Holly is a freelance florist, which is a fancy way of saying she's between jobs. Thirty-six hours after moving into a new flat, she's decided she can't stand her roommates. In a last ditch effort to escape "The Gestapo" as she calls them, Holly calls her friend and begs to live in his boxroom.
That day, she moves in with old schoolmates. Josh, the flatowner, is the handsome and successful bachelor who isn't too lucky with the ladies. Because of his kindness and sensitivity, everyone assumes he's gay. Kate is a self-absorbed career woman who still finds time to trade jabs with her flatmates. A recluse named Addison lives there as well. He rarely leaves his room.
Holly settles in nicely, though she has never seen Addison. His door has remained closed since she arrived. Curiosity leads her to venture into the room of her secret counterpart, and she's stunned by what she sees. Amid several beeping and flashing computers, is her tall and handsome roommate, Addison.
Holly is smitten but Addison is incapable of returning emotion. He communicates best through his keyboard. How can Holly get Addison to turn off his computers and turn on his libido? This and several other clumsy attempts at love are the products of Jenny Colgan's hilarious novel Talking to Addison.
Readers learn that Holly is competing for Addison's attention with an online girlfriend, who has a leg up because she knows more about Star Trek. We are also rewarded with the analyses of the other flatmates' screwed-up love lives. This is a funny coming of age storythe age being 30, and it's coming fast for these characters.
At first, Talking to Addison appears to be a Helen Fielding knock-off. However, once Holly settles on a plan to get Addison, she becomes a much more interesting character than Bridget Jones. Holly is more confident and a lot less pathetic. Thankfully, she doesn't whine about her weight or keep a diary based on alcohol and sex.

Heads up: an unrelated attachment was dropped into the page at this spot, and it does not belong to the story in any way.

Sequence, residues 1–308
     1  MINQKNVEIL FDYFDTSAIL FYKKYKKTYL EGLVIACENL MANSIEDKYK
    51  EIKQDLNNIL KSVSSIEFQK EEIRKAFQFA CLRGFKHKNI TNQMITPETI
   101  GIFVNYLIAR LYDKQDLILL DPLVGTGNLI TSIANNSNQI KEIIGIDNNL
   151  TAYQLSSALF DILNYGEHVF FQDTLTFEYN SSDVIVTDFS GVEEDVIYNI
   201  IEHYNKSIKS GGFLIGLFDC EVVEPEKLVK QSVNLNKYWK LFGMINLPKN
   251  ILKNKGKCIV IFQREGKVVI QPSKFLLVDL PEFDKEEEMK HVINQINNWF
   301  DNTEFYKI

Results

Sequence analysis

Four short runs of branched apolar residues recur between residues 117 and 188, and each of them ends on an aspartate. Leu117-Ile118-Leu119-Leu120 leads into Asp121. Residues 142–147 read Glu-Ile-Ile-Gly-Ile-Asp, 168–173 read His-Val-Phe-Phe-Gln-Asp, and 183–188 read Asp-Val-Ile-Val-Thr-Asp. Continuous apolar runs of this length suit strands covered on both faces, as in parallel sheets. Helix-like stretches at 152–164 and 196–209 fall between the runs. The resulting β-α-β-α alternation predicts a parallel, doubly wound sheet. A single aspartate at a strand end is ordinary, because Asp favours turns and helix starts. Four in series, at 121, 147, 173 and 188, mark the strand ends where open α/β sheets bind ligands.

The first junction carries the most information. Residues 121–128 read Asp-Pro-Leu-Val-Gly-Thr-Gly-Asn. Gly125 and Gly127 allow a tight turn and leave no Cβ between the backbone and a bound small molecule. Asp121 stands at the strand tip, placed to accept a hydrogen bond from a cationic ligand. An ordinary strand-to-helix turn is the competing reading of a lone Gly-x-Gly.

This novel is set in London, so get out your British/American slang translation book. Think of the characters as a younger, trendier, sluttier, more sophisticated and entertaining version of the Friends group. There are several references to 80's pop culture, making this an ideal read for people between their quarter and mid-life crises.
Talking to Addison is extremely funny. The "first kiss" scene is guaranteed to make you laugh out loud. Colgan draws heavily on her past experience as a comedian and the effort pays off. That she was able to make an unpublished comic strip into this full-fledged novel is even more impressive.
This is a great book, though it will be treasured most by generation-Xers. Can you appreciate Colgan's reference to Scritti Politti? If you fit the demographic, you must read this book.
Talking to Addison was a hit in Britain and it should be readily accepted across the pond as well. Colgan's tale of young Brits finding love in the 21st century is fresh and comical. This novel may bear a slight resemblance to the Bridget Jones category of books, but it's funnier, racier and just plain better. Talking to Addison is the ideal novel for those craving a lighthearted intelligent look into the complexities of romance in the age of the Internet.